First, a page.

The state Court of Appeals has rejected claims of 13 young plaintiffs that they have a constitutional right to a stable climate system "that sustains human life and liberty." They asked the court to affirm that right, and called for an enforceable Washington plan to reduce carbon emissions.
But the Washington Appeals Court ruled that the "Youth's claims present a political question to be determined by the people and their elected representatives, not the judiciary."
The 36-page decision released this week affirms an earlier decision by the King County Superior Court and will be appealed to the state Supreme Court, according to Andrea Rodgers, attorney with Our Children's Trust who represents the plaintiffs.
The lawsuit, filed in 2018, names the state, Gov. Jay Inslee, and several state agencies as defendants. It alleges that actions the defendants are taking make the climate crisis worse and causing harm to the plaintiffs.
The lawsuit is part of a wide-ranging effort by Our Children's Trust to hold governments accountable in courtrooms for actions that cause climate change.
The organization has filed lawsuits or legal actions in 50 states, and actions in seven states are now pending. The organization also filed a federal lawsuit on behalf of 21 young plaintiffs in 2015 to tackle climate change more quickly that was dismissed in January 2020 by the 9th U.S. Circuit Court Appeals. Those plaintiffs have petitioned the court for a rehearing, and now are awaiting a ruling on that request.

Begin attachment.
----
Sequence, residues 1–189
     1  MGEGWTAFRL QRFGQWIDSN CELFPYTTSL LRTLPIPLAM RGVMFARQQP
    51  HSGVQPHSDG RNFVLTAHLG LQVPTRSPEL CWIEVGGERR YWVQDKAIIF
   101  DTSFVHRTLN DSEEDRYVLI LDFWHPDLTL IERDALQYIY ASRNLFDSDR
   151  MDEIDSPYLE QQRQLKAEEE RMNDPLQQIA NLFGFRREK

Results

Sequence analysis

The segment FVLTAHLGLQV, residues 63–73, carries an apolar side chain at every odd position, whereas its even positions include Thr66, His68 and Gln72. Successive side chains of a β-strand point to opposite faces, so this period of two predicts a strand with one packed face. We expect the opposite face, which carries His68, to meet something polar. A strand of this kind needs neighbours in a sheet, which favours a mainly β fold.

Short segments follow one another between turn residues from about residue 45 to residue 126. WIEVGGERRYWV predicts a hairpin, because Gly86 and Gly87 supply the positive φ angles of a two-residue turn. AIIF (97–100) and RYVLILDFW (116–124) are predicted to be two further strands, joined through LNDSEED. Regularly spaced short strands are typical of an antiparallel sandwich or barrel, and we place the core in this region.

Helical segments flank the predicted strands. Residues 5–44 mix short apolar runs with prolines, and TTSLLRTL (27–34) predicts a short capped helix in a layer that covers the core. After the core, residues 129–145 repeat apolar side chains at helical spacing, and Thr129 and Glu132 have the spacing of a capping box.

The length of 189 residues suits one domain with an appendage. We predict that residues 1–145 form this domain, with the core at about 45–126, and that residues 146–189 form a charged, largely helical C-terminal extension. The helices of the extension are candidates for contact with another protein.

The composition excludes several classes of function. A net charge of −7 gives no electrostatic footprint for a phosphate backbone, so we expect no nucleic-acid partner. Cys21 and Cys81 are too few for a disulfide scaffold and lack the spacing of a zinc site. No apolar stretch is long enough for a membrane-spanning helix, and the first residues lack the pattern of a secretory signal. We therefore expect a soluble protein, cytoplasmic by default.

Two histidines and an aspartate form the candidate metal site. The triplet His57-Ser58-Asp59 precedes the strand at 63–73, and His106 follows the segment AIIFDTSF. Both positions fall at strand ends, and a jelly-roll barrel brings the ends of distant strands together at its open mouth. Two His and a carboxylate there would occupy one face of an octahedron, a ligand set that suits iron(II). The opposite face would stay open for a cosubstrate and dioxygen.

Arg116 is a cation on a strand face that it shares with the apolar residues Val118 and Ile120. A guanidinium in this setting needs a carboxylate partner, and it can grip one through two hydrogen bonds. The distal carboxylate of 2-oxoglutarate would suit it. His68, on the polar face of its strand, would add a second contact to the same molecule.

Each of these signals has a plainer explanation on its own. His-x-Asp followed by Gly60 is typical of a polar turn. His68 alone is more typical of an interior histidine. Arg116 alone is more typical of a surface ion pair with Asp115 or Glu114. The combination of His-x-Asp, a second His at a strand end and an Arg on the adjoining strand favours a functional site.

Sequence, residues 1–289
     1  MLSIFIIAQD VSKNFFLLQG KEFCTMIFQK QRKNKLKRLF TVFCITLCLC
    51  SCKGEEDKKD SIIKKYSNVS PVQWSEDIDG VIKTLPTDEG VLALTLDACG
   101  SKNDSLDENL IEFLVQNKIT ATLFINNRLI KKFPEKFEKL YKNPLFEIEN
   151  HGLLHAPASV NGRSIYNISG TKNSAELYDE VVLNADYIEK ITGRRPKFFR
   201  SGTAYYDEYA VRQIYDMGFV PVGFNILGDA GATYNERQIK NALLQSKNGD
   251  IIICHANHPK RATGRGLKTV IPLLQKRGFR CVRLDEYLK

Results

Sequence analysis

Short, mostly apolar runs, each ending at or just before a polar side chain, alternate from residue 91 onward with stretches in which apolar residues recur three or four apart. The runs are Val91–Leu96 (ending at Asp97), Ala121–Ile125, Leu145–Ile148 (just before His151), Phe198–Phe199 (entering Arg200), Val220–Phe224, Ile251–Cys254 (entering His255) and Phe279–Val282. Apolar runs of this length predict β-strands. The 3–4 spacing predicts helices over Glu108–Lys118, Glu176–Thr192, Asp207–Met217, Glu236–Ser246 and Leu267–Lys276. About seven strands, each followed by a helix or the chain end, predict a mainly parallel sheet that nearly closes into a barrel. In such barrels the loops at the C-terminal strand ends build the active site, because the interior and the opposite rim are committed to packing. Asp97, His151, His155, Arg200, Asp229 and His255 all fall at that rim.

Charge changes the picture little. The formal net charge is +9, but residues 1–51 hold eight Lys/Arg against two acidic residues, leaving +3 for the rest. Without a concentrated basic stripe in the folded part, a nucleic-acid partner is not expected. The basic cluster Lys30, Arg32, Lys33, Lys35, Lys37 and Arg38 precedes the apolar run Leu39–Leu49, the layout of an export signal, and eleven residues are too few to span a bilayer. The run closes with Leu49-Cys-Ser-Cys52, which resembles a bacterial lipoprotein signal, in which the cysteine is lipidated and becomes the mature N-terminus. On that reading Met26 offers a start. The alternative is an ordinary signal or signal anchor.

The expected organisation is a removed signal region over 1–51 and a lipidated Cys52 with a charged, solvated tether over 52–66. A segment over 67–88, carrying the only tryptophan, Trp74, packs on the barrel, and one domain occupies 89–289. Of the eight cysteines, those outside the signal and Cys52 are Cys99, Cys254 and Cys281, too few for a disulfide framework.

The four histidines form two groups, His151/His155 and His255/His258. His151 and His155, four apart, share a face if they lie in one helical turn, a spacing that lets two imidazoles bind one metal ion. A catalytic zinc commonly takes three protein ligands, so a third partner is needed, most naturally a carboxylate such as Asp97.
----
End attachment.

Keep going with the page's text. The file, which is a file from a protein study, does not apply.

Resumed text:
In their initial Washington lawsuit in King County, the youth alleged that state the placed them "in a position of danger with deliberate indifference to their safety in a manner that ... violated fundamental and inalienable constitutional rights to life, liberty, and property." They sought a court order affirming those constitutional rights, and that they are being violated, according to Rodgers.
The Superior Court ruled that there is no fundamental constitutional right to a clean environment. In the Appeals Court ruling, judges wrote that this court "is not the vehicle by which the Youth may establish and enforce their goals."
Rodgers attacked the ruling as a "travesty of justice."